The separation of powers is an important component of most modern democratic politic systems. In simple terms, the separation of powers requires that government be divided into three branches: the executive, the legislative and the judicial. Each of these branches must operate separately and no member of one branch should also be a member of the other. The purpose of the separation of powers is to balance and limit government power. Separating power prevents one person or group of people from accumulating or using too much power. The separation of powers also provides a series of checks and balances, so that if one branch of government overreaches its power or infringes on the rights of citizens, the other branches can intervene.
The concept of a separation of powers has a long history that can be traced back to the ancient Greek philosopher Aristotle. It is clearly evident in the Second Treatise of Civil Government, a 1690 political manuscript written by Englishman John Locke. However the separation of powers is most commonly associated with a French political philosopher named Baron de Montesquieu. A jurist in his earlier life, in the early 1700s Montesquieu travelled widely in England, where he became an admirer of the British political system. In 1748 Montesquieu wrote The Spirit of Laws, which he described as a scientific study of government. In this book Montesquieu described an ideal type of constitution, drawn from his understanding of the English constitution as it was in the early part of the 18th century. He identified three separate functions of government: what we today call the legislative, the executive and the judicial branches.
The idea of a separation of powers arrived at a critical time in world history. Both the American and French Revolutions drew on Montesquieu’s theory that government branches should be kept separate. The strongest working expression of the separation of powers was incorporated into the United States Constitution, which was drafted in 1787 and enacted in 1789. This constitution clearly divides government into three branches: executive (the President), legislative (the Congress) and judicial (the Supreme Court). It also includes a rigorous system of checks and balances. If one branch exceeds its authority or acts contrary to the national interest, the other branches can check (block) this. Some of the checks and balances in the United States Constitution include:
- Congress can pass legislation but the President can veto (block) this legislation.
- If the President does veto legislation, Congress can override this veto with a two-thirds majority.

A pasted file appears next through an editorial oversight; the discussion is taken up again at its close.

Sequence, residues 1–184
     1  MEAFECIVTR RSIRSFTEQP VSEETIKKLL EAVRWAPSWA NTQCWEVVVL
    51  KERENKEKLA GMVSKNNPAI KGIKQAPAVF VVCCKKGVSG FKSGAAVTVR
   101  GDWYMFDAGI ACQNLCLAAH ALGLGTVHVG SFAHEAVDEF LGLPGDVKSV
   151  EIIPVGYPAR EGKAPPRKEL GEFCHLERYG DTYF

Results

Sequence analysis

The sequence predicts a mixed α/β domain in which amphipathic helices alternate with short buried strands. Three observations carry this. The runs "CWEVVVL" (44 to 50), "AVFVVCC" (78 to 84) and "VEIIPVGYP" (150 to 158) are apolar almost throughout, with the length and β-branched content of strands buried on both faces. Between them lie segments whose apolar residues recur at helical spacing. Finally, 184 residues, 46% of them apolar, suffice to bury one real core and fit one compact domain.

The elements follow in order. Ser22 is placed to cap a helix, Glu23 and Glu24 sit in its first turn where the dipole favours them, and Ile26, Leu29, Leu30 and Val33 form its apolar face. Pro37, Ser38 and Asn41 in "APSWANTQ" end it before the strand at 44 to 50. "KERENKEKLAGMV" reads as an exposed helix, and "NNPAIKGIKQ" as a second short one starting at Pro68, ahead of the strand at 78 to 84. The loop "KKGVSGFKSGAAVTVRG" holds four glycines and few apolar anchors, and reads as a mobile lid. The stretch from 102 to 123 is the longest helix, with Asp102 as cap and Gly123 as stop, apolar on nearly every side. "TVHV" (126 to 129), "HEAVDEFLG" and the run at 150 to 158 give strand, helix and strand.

- The President is commander-in-chief of the armed forces but only Congress can declare war.
- The President can appoint people to his cabinet but they must be endorsed by the Congress.
- Congress can impeach (put on trial and dismiss) members of the other branches, including the President.
- The Supreme Court can declare both the President’s executive orders and Congress’ legislation to be unconstitutional and invalid.
In contrast to the United States, the separation of powers in the United Kingdom has meant little more than an independent judiciary. Because the members of the executive (the prime minister, ministers and cabinet) are also drawn from the legislature (the parliament), there is not a strict separation of these branches of government. Yet the separation of powers is still an important feature of Australia’s political system. Like the United States Constitution, the Australian Constitution describes three functions of government and creates three institutions to exercise those functions. This is outlined in the first three chapters of the Constitution:
- Chapter I – the parliament
- Chapter II – the executive
- Chapter III – the judicature
Three sections of the Constitution allocate power to these three branches of government:
Section 1. The legislative power of the Commonwealth shall be vested in a Federal Parliament, which shall consist of the Queen, a Senate, and a House of Representatives, and which is herein-after called “The Parliament,” or “The Parliament of the Commonwealth.”
Section 61. The executive power of the Commonwealth is vested in the Queen and is exercisable by the Governor-General as the Queen’s representative, and extends to the execution and maintenance of this Constitution, and of the laws of the Commonwealth.
Section 71. The judicial power of the Commonwealth shall be vested in a Federal Supreme Court, to be called the High Court of Australia, and in such other federal courts as the Parliament creates, and in such other courts as it invests with federal jurisdiction. The High Court shall consist of a Chief Justice, and so many other Justices, not less than two, as the Parliament prescribes.
The separation of powers in Australia’s State constitutions is less clear than in the Commonwealth Constitution. According to Carney (1993), the Supreme Courts in New South Wales, South Australia and Western Australia have ruled that the doctrine of the separation of powers does not apply in the States. The State constitutions do not contain clear divisions of power. For example, they do not create supreme courts or vest them with judicial power. Despite this, State practice on the separation of powers essentially mirrors Commonwealth practice.